There is an old saying in sports that numbers don’t lie, and Tiger Woods continues his assault on the record books of golf. Tiger, for the second time, wins the rich $9,500,000 Players Championship at the Stadium course in Ponte Vedra Beach, Florida just outside Jacksonville.
It was Tiger’s fourth win this year in seven tournaments, and his third win in the state of Florida. The winner received $1,700,000 and a crystal trophy plus a five-year exemption on the tour.
The Players Championship is the strongest field in golf with the top 100 players in the world in the field. The Players Championship is referred to as golf’s fifth major. The four majors are the Masters, U.S Open, British Open and PGA Championship.
Tiger has now won at least four tournaments in a year 12 times in his career. Sunday’s win was achieved in his 300th career tournament start. He has also won in his 100th and 200th career starts.
In his last 22 tournaments Tiger has won seven times. He has regained his number-one position in golf. His victory was the 78th win of his career. Only Sam Snead, who won 82 times, has won more in the history of golf on the PGA Tour.
Tiger started the final round Sunday tied for the lead at -11 with two other players, including Sergio Garcia of Spain. Garcia was tied for the lead at -13 with Tiger on Sunday until he hit two balls in the water on the famous Island green 17th hole.
Seven times Tiger and Garcia have been paired together over the years in a tournament, and seven times Tiger has not only beaten Garcia but also won the tournament. Tiger shared the lead after 54 holes on Sunday at the Players. In his career, when he has had the lead or a share of the lead going into the final round, he has won 52 of 56 tournaments.
That’s 92 percent of the time! He is the greatest closer in sports history. He is one of only six players in the 40-year history of the Players Championship to win it twice.
What’s remarkable about Tiger is how, in 300 career PGA tournaments, he has finished in the top 10 240 times — that’s 80 percent. He has finished at least fourth 182 times — that’s 60 percent. He has finished third 125 times — 41 percent — and runner up 28 times — nine percent.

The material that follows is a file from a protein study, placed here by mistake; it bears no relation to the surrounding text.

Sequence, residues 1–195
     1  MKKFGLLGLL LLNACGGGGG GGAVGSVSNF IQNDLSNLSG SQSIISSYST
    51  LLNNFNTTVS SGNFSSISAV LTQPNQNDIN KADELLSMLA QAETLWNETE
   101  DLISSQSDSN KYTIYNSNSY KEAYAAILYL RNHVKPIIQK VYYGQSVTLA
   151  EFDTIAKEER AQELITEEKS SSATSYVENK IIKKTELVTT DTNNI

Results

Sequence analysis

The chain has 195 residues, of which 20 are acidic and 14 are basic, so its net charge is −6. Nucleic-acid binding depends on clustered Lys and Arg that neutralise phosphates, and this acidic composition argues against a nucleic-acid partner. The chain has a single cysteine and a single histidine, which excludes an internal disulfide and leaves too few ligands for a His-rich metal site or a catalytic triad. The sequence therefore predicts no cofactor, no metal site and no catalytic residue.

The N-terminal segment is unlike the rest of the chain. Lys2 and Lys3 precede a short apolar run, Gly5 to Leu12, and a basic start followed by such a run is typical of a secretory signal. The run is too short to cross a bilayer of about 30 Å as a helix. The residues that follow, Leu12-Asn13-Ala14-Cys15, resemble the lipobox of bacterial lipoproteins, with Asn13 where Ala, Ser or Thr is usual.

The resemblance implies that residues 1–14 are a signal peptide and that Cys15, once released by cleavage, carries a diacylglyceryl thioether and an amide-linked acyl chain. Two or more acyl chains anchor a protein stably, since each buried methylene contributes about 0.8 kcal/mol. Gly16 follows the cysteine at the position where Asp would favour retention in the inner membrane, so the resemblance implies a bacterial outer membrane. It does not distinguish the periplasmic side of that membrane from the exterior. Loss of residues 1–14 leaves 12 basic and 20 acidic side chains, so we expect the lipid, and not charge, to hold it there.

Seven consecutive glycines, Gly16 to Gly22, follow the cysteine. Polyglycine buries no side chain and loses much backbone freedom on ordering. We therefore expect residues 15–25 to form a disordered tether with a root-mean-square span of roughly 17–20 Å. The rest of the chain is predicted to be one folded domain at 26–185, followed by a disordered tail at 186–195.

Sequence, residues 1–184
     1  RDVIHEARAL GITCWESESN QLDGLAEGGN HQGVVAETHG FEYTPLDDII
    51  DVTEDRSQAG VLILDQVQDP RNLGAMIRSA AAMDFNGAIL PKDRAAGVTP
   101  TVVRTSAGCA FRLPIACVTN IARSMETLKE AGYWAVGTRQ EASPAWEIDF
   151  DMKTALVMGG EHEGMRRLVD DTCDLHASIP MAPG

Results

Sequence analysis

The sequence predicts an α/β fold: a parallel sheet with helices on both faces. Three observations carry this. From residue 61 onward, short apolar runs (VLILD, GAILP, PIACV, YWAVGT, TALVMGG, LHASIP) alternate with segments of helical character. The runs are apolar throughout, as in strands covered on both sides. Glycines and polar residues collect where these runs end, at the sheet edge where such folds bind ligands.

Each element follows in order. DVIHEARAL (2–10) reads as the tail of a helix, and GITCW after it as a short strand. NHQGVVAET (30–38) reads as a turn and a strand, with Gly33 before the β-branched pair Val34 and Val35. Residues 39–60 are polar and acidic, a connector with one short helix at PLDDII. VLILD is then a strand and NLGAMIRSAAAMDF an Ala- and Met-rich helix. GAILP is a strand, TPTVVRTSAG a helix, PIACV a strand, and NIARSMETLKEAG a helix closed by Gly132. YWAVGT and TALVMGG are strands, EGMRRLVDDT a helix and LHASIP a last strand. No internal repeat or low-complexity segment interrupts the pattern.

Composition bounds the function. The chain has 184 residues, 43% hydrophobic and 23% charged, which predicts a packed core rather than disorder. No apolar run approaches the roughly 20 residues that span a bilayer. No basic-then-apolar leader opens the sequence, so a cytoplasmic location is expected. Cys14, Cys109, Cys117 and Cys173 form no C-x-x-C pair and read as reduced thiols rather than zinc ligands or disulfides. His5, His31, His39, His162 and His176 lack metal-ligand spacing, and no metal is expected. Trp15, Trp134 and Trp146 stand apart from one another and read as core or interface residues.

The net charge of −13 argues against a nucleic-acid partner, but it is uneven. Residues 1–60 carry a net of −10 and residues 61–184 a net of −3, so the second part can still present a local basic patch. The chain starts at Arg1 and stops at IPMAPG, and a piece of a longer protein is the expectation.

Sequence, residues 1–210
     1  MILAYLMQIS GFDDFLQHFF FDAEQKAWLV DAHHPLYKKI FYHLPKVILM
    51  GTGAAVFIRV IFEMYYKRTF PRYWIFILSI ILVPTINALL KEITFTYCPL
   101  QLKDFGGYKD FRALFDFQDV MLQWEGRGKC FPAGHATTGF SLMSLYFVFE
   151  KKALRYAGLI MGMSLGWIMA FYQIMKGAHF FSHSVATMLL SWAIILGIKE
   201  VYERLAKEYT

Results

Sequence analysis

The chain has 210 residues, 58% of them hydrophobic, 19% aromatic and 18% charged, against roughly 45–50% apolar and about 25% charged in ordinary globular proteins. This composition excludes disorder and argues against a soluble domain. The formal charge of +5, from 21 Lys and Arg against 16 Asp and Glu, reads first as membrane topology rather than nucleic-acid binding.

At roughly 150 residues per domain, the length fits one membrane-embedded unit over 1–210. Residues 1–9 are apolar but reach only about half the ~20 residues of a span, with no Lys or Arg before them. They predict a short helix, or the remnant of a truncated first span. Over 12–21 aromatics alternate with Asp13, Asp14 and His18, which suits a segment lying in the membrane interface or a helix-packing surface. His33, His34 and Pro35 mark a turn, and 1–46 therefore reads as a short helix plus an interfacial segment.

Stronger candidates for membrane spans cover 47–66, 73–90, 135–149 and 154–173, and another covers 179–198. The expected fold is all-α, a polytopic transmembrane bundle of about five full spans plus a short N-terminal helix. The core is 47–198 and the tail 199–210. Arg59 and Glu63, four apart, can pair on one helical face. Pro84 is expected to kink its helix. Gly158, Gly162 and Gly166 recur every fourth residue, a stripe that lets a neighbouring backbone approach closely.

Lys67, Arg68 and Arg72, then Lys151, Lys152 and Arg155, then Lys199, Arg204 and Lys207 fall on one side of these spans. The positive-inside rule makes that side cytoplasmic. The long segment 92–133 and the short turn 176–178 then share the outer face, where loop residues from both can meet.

His 78 career wins on the PGA tour in 300 tournaments means he wins 26 percent of the time. That is by far the greatest win percentage in golf history. Snead was 46 years old when he won his 78th career tournament. Tiger is 37. It’s possible Tiger could catch Snead in 2013.
Tiger has 14 major titles; only Jack Nicklaus with 18 has won more. They are both on the same career pace for major wins.
Many are quick to say Tiger is not back until he wins a major. He will win a major this year — I’m convinced of it. Remember, he was tied for the lead at the Masters until he hit that flag stick on Saturday and rolled into the water. He very likely would have won; he still finished fourth.
Not only is he healthy again, but he has recovered mentally from his personal issues that cost him his marriage and damaged his reputation. Don’t think for a minute that everyone is pulling for Tiger. After all, this is America.
Larry Fitzgerald can be heard weekday mornings on KMOJ Radio 89.9 FM at 8:25 am, on WDGY-AM 740 Monday-Friday at 12:17 pm and 4:17 pm, and at www.Gamedaygold.com. He also commentates on sports 7-8 pm on Almanac (TPT channel 2). Follow him on Twitter at FitzBeatSr. Larry welcomes reader responses to firstname.lastname@example.org, or visit www.Larry-Fitzgerald.com.
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